Twitter Debuts Experimental Direct Messaging Support Bot

Twitter is currently rolling out a bot for their @Support account, which can handle some basic customer service requests automatically. Getting into a Direct Message thread with the @support account, who already have access to the new feature, will bring up a clickable menu that branches out to provide a number of basic support options like account support, reporting abuse, reporting account impersonation, or just giving Twitter some feedback and suggestions. The bot is in an early testing phase and is very basic in its capabilities for now as it mostly tries to direct users toward existing resources like online forms or channels for contacting a human representative.

The various interactive elements that the bot features can make it much easier to find the area of support that you need to access, but aren't good for much else. While interacting with the bot, you technically have the option to actually type in text, but most requests, at this stage, will result in the bot not knowing how to help you out. According to a Twitter representative, the bot is in a very early stage of testing, but its capabilities will grow with time, and it will be tweaked as more and more people use it. The goal is to eventually roll out a fully functional bot that can figure out what a user is asking for and either solve the problem for them or direct them to the right support area with as little effort as possible.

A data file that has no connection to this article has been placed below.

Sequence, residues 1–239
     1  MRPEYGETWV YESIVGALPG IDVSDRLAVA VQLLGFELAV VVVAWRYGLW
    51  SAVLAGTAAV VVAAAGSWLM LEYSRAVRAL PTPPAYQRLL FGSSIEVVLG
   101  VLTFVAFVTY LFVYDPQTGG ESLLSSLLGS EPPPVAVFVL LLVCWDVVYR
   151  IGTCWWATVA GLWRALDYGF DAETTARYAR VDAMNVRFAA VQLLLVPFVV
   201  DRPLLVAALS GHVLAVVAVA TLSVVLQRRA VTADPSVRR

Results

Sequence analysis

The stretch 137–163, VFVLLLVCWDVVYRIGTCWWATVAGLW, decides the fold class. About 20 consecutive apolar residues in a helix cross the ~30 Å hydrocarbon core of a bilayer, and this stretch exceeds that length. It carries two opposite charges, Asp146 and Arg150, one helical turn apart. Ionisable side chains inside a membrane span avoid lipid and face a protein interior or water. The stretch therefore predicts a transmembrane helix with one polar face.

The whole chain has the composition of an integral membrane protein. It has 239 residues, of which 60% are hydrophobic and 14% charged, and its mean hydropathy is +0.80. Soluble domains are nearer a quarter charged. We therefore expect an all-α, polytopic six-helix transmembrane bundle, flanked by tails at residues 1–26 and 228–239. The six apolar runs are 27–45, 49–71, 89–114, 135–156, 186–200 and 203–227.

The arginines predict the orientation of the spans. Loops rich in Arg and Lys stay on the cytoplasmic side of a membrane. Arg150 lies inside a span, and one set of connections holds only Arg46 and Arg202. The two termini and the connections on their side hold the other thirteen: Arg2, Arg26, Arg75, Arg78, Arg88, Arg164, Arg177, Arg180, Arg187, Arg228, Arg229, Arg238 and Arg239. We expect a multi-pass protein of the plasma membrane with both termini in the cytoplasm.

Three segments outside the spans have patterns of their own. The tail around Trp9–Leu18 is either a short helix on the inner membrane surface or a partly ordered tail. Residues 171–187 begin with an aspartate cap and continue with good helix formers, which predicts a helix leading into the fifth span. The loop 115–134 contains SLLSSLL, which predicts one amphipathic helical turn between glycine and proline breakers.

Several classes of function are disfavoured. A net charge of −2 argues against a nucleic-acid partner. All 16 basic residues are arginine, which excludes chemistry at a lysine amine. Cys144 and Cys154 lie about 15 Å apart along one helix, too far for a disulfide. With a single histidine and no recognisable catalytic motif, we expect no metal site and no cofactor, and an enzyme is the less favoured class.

This is not Twitter's first foray into the world of chatbots by any means, though they did not reveal exactly what technology is behind this bot and how it's being built. Twitter's current repertoire of chatbots which mostly includes simplistic bots made to process formulaic requests is almost exclusively manually programmed. In the past, Twitter did have some muscle in the world of machine learning and AI creation, but much of that has been stripped away, leased out, or otherwise devoted to projects outside of Twitter recently, so it's unclear which division of the company is actually developing this experimental feature. Regardless, more information on the matter will probably follow soon.

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Daniel Fuller

Senior Staff Writer
Daniel has been writing for Android Headlines since 2015, and is one of the site's Senior Staff Writers. He's been living the Android life since 2010, and has been interested in technology of all sorts since childhood. His personal, educational and professional backgrounds in computer science, gaming, literature, and music leave him uniquely equipped to handle a wide range of news topics for the site. These include the likes of machine learning, voice assistants, AI technology development, and hot gaming news in the Android world. Contact him at [email protected]
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